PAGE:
John K. Davidson - Allis Chalmers Manufacturing Company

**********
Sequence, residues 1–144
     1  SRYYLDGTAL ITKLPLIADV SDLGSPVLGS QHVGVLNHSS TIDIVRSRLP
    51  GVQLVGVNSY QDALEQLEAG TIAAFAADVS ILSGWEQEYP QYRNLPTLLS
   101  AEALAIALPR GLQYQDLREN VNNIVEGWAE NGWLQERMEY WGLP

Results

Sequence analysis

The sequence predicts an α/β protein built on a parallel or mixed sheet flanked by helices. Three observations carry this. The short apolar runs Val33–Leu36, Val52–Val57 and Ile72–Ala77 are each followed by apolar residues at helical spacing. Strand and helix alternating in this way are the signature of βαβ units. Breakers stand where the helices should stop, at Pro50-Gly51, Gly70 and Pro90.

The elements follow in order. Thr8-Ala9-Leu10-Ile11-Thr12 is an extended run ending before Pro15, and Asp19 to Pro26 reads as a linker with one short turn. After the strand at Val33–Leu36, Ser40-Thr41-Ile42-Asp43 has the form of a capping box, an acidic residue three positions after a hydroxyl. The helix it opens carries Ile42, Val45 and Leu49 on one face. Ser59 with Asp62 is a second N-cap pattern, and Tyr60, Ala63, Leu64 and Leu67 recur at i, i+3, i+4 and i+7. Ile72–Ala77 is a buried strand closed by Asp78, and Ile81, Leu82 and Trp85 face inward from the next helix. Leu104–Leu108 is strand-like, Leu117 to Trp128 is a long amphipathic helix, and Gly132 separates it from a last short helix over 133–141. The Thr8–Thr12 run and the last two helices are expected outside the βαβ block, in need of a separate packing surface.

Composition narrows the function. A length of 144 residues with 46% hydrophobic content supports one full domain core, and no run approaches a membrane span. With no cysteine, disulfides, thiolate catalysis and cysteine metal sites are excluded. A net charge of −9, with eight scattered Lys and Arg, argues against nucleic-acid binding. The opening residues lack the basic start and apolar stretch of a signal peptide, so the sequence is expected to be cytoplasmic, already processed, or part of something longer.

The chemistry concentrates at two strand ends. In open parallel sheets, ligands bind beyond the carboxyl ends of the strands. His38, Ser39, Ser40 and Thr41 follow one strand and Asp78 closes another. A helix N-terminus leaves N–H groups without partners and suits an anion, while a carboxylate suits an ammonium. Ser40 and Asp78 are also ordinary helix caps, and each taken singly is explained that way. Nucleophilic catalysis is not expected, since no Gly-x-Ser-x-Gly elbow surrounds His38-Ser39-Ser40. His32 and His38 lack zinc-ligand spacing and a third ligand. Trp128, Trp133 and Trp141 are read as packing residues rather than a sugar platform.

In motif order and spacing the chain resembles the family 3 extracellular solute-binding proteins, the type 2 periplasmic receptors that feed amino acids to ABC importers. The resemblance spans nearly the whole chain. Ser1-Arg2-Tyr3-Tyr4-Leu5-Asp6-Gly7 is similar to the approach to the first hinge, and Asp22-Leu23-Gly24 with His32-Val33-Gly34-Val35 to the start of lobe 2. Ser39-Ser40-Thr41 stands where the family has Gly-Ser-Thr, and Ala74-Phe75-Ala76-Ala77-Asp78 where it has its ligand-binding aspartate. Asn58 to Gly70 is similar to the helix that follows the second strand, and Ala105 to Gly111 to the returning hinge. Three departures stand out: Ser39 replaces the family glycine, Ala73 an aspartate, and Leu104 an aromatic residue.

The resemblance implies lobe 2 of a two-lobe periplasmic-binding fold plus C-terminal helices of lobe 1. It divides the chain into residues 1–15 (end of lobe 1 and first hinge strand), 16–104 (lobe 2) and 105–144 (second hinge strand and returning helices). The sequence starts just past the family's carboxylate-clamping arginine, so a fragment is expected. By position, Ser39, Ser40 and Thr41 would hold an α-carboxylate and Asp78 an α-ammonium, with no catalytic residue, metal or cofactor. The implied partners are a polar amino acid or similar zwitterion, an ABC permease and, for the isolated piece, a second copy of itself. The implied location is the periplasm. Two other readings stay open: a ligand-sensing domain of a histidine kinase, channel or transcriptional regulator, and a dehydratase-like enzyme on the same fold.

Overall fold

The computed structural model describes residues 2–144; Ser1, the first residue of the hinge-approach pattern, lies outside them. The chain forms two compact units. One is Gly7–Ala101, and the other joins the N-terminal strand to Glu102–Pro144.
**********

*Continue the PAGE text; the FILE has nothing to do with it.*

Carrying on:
Allis-Chalmers believes that the best hope for competitive electric power from nuclear plants lies in the development of high-output reactors using oxide fuels which, when spent, can be reprocessed and returned to the core. The company's basic views on recycle -;? reactor fuel are: (1) that recycle of power reactor fuels is required to remove the present fuel-cycle cost uncertainties, and to help ensure a viable nuclear power industry; (2) that for several decades small refabrication and reprocessing plants will be the only realistic way to provide this recycle; (3) that the unit cost penalty for reprocessing and refabricating in a small plant has been minimized by a plant design concept developed by CNEN and Allis-Chalmers; and (4) that in a large boiling-water reactor, the thorium-U-233 cycle has a neutron economy sufficiently higher than the low enrichment uranium cycle to offset the small disadvantage in unit processing cost in a small plant. For these reasons, Allis-Chalmers is now prepared to offer, at a fixed price, an integrated nuclear power station consisting of a 300-Mwe boiling water nuclear power plant and a complete reprocessing and refabrication facility at the same site. The fuel cycle costs of such a plant will be lower than that of a similar reactor operating on low enrichment uranium with the spent fuel returned to the AEC. The program, however, depends on AEC action to: (1) establish the necessary conditions for storage of fission product wastes on reactor sites; (2) continue development work leading to economic procedures for permanently fixing fission product wastes; and (3) continue support of the existing Italian program, which will demonstrate both the small reprocessing plant and the thorium cycle. The preliminary design of the integrated power-producing and fuel-reprocessing station shown in Fig. 1 has been developed by Allis-Chalmers with the assistance of Stone & Webster in over-all plant layout. The station consists of two complementary facilities which are expected, when operated in conjunction, to produce competitive nuclear power. One is « 300-Mwe nuclear power plant fueled with thoria-urania ceramic rods clad in zirconium* alloy tubes; the other is a reprocessing facility designed to recover the usable fuel from the exposed fuel elements of the power plant, reconstitute it in a suitable form, and use it to fabricate new fuel elements which are to be returned to the reactor. The broken lines in Fig. 1 indicate the second 300-Mwe power plant that could be built on the site and serviced by the single reprocessing plant.